In previous years, exports from Russia had been growing at a moderate pace, but the country managed to “make a breakthrough” by expanding the list of importers from 25 in 2015 to 40 in 2016, said IKAR.
Ukraine the main buyer of Russian meat
Last year Russia exported nearly 115,000t of poultry, supplying 41,000t to the countries of the Eurasian Economic Union, including Belarus, Kazakhstan, Armenia and Kyrgyzstan, which have common Customs space, according to IKAR. At the same time, nearly 37,000t was delivered to the “eastern regions of Ukraine”.
According to Sergey Yushin, head of Russia’s National Meat Association, Ukraine is currently the largest purchaser of the country’s meat and, in 2016, the volume of deliveries rose more than twofold to 48,000t. However, all shipments are going to the rebel republics, controlled by pro-Russian separatists since mid-2014.
According to Yushin, these regions have a problem importing meat from those territories in Ukraine controlled by government troops, while there are virtually no borders between Russia and the rebel republics. In the regions bordering Russia, the meat industry has been developing well in recent years, he added.
The situation is something of a paradox because, according to Russia’s Federal Customs Service, Ukraine is importing large quantities of meat from Russia, while according to Ukraine’s Statistical Agencies, the actual volume of supplies is minimal. This is due to the fact that the rebel republics are not declaring meat imported from Russia to Ukraine’s government agencies.
New markets may contribute to further growth
Meanwhile, last year, Vietnam and Hong Kong jointly imported 24,000t of poultry from Russia, but, according to IKAR, roughly 95% of all those deliveries were by-products, primarily chicken feet.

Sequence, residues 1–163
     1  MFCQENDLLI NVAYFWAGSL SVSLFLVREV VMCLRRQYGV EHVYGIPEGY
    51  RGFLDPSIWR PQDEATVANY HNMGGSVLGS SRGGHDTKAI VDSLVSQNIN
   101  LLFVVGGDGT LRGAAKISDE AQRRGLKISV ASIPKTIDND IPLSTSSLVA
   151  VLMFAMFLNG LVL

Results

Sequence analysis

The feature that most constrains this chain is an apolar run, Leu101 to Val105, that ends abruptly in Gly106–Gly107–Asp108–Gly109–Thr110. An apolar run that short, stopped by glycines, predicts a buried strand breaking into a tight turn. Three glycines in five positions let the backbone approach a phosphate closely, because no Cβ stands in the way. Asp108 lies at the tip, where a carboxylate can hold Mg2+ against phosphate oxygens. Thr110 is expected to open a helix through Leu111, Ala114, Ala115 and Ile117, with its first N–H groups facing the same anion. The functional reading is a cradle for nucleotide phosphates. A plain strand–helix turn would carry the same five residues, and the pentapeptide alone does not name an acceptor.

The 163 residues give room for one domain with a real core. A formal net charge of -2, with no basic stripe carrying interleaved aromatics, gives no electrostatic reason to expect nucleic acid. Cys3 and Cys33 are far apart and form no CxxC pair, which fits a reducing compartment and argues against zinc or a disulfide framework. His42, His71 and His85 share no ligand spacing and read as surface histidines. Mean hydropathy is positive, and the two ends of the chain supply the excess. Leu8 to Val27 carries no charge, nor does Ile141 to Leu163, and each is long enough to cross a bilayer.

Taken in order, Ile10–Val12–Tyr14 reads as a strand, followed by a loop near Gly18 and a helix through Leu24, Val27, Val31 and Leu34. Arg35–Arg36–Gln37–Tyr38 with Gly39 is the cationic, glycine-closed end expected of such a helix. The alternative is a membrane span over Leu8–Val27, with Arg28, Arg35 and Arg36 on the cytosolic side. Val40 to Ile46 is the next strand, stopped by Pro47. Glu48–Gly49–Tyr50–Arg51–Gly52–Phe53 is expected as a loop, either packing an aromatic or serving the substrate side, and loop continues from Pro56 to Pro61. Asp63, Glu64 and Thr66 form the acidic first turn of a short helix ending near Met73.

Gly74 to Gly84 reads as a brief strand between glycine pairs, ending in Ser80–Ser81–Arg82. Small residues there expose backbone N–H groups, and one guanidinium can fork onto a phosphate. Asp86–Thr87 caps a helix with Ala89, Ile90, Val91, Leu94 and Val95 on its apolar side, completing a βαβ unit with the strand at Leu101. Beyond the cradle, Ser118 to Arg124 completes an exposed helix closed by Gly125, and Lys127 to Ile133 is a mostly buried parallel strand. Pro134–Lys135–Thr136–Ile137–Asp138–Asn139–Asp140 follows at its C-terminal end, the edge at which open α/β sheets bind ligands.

As a result, despite huge growth in the overall volumes in 2016, the prospects for further growth in poultry exports remain limited, as 60% of supplies are being delivered to markets where high-margin products are not in great demand and where a significant growth in shipments is also not forecast, said IKAR.
According to forecasts from Russia’s Union of Pork Producers in 2017, the country could increase meat export volumes by nearly 20-30% even without entering new markets. However, this would require a stable situation on disease in the country and no geopolitical shocks.
In addition to poultry, Russia now exports large quantities of pork, said IKAR, indicating that, last year, total pigmeat exports from Russia rose by 170% compared to 2015, with exports of pork growing from 4,000t in 2015 to 18,000t in 2016, while the rise in exports of pig by-products was not so huge.
According to Albert Davleyev, president of consulting agency Agrifood Strategies, Russia has started export to numerous countries, including Egypt, Mongolia and UAE, but those deliveries were just trials or pilot shipments to evaluate profitability. Some supplies were directed to Africa, but high logistic spends took their toll, while exports to the Caribbean basin were surprisingly successful. He added that he could foresee some prospects for Russia’s meat in the Middle East.